Treatment Options: Cytarabine
Chemotherapy has become a valuable and widely accessible treatment option in the field of veterinary medicine. As these treatments continue to gain popularity among specialists it is important to understand how they are used with our patients. One such agent that we utilize on a weekly basis at the VSCAN is called Cytarabine.
Cytosine Arabinoside or Cytarabine is a commonly used chemotherapy agent that was designed for human medicine as a treatment for specific types of leukemia and lymphoma. This agent is designed to disrupt the process of DNA synthesis inhibiting the division of cancer cells. In veterinary medicine, Cytarabine was introduced to treat white blood cell and bone marrow disorders in dogs and cats. However, it is also an effective agent for treating inflammatory diseases of the central nervous system as well as immune-mediated inflammatory diseases such as poly-arthritis.
Cytarabine is a toxic material and therefore should only be handled by a trained medical professional. Cytarabine administration is performed as an intravenous infusion or a subcutaneous injection. After the administration, it may take several days for the beneficial effects to become apparent and up to several weeks before the full effect may be appreciated. Treatment may consist of a single injection or a monitored course of injections over a period of time.
Once the patient has received treatment, great care should be taken with handling the patient and their waste. Over the next 72 hours, a portion of the drug will be excreted in the patient's urine and feces and may be present if you come in contact with their blood or vomit. Anyone handling excrement from the patient must wear disposable rubber gloves and everything that has been contaminated must be discarded. With this in mind, it is best to isolate the patient from contact with other animals, children, and pregnant or nursing women. More information about the safe handling of a pet and their waste will be given to the owner at the time of discharge.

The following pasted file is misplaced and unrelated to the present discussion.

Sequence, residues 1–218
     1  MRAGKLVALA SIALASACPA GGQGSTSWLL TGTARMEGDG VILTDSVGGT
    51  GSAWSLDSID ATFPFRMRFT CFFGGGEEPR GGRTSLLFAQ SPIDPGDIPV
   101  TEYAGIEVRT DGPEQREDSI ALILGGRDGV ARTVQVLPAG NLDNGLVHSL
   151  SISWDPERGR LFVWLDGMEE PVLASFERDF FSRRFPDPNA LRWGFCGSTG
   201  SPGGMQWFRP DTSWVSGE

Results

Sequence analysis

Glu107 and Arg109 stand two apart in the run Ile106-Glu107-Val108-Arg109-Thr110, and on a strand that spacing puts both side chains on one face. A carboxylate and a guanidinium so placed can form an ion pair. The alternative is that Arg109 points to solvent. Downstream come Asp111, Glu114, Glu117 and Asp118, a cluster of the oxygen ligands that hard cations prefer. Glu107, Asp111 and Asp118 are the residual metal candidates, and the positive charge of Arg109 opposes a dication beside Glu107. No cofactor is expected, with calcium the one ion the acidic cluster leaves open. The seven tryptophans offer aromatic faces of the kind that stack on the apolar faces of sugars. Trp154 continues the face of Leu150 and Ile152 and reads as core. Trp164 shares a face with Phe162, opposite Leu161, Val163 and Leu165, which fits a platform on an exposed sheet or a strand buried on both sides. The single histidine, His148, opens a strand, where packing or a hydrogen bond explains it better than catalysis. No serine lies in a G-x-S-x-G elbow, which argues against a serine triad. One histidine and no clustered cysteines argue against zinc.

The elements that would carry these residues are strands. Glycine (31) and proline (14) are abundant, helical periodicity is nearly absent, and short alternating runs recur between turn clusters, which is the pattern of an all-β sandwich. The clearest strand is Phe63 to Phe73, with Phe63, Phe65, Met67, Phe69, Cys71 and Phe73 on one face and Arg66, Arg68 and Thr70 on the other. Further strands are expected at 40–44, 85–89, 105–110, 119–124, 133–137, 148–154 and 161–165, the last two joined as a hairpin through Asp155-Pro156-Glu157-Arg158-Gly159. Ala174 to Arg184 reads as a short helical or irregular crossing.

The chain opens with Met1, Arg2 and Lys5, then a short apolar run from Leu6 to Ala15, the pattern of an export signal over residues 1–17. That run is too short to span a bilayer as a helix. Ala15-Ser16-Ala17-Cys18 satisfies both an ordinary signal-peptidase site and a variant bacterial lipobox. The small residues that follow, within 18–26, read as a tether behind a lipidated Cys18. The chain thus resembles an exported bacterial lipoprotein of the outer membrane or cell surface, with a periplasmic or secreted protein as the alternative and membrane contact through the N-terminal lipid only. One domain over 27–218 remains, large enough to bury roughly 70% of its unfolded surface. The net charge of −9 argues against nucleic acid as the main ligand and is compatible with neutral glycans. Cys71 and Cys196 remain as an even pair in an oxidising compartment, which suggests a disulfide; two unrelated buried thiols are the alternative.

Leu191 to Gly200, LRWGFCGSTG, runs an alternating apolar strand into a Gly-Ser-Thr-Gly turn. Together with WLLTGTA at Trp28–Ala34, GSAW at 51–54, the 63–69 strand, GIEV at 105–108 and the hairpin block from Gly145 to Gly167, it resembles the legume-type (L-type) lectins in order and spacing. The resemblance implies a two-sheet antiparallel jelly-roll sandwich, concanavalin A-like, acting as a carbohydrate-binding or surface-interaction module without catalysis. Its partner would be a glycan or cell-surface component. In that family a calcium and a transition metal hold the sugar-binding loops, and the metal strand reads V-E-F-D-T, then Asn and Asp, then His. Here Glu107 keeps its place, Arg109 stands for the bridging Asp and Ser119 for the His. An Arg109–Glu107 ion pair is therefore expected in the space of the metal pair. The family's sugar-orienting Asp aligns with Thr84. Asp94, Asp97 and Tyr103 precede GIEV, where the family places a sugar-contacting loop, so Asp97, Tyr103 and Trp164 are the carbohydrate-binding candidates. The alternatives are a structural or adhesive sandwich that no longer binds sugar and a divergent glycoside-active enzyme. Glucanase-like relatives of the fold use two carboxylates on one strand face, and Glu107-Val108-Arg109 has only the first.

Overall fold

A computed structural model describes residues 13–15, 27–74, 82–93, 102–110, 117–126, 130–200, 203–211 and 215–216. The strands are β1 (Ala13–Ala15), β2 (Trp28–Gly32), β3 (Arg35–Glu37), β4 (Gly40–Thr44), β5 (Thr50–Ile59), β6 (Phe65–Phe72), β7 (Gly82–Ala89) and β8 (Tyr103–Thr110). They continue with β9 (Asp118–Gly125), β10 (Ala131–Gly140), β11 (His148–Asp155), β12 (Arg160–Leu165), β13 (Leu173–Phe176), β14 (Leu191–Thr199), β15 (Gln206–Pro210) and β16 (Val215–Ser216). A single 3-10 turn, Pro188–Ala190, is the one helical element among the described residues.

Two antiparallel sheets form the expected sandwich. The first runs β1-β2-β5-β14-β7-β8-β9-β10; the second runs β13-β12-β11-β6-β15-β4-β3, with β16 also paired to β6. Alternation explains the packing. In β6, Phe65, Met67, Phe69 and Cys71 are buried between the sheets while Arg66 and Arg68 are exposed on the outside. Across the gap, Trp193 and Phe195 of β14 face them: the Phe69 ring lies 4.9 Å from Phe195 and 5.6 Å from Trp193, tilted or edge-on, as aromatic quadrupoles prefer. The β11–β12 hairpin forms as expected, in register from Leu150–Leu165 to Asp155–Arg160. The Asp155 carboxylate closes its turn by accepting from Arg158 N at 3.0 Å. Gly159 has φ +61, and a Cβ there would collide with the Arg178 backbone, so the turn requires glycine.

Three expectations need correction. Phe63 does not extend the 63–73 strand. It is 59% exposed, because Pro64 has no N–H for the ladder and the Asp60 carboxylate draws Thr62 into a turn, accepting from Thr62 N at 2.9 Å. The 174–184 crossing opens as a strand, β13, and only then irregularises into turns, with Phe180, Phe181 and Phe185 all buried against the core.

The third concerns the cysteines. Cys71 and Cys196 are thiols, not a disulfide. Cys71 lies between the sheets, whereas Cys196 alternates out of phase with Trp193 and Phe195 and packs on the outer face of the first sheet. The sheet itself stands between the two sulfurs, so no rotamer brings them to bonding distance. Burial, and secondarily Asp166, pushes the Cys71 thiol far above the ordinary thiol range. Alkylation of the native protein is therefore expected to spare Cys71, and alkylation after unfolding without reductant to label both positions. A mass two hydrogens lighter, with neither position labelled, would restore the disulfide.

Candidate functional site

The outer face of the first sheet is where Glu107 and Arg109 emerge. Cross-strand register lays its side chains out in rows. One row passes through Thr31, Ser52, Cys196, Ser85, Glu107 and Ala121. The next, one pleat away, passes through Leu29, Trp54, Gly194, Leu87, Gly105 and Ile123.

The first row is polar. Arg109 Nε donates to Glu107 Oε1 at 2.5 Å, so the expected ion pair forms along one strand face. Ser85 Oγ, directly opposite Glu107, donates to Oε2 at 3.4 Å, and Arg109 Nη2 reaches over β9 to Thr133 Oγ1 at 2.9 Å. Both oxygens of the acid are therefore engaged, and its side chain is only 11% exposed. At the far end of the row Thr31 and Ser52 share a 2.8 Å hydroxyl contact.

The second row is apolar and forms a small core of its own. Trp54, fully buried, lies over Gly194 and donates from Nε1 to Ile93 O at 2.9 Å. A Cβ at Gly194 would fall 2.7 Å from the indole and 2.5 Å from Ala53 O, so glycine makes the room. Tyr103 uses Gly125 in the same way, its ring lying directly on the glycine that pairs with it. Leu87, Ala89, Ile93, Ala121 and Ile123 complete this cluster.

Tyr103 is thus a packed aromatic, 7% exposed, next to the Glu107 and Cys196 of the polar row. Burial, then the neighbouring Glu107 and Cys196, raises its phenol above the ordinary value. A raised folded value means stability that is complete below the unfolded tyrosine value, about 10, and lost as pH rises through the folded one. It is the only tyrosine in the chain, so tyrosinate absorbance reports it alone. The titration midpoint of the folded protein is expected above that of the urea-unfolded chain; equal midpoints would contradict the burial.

As with any medication, there are some potential side effects that we need to consider. Most commonly the patient may experience a loss of appetite and could experience greater gastrointestinal effects like nausea, vomiting, and diarrhea. The patient may also be lethargic as the treatment works through their system but should recover back to normal activity within a day or two. Other possible side effects include the formation of ulcers in their mouth, hair loss, and fever.
Patients with pre-existing liver, kidney, or bone marrow disease should be closely monitored before and after treatment. If a patient has recently received another injection or is on a different immunosuppressant or antineoplastic medication then special considerations should be taken when deciding on Cytarabine treatment. It is important that any and all information on medications, vitamins, supplements, etc. that the patient is receiving is disclosed to the veterinarian before treatment begins.
Despite these concerns, Cytarabine is an amazing weapon against these diseases and we are grateful to provide this treatment to our patients. We have had many patients receive this treatment and we are thrilled at the results that we continue to see.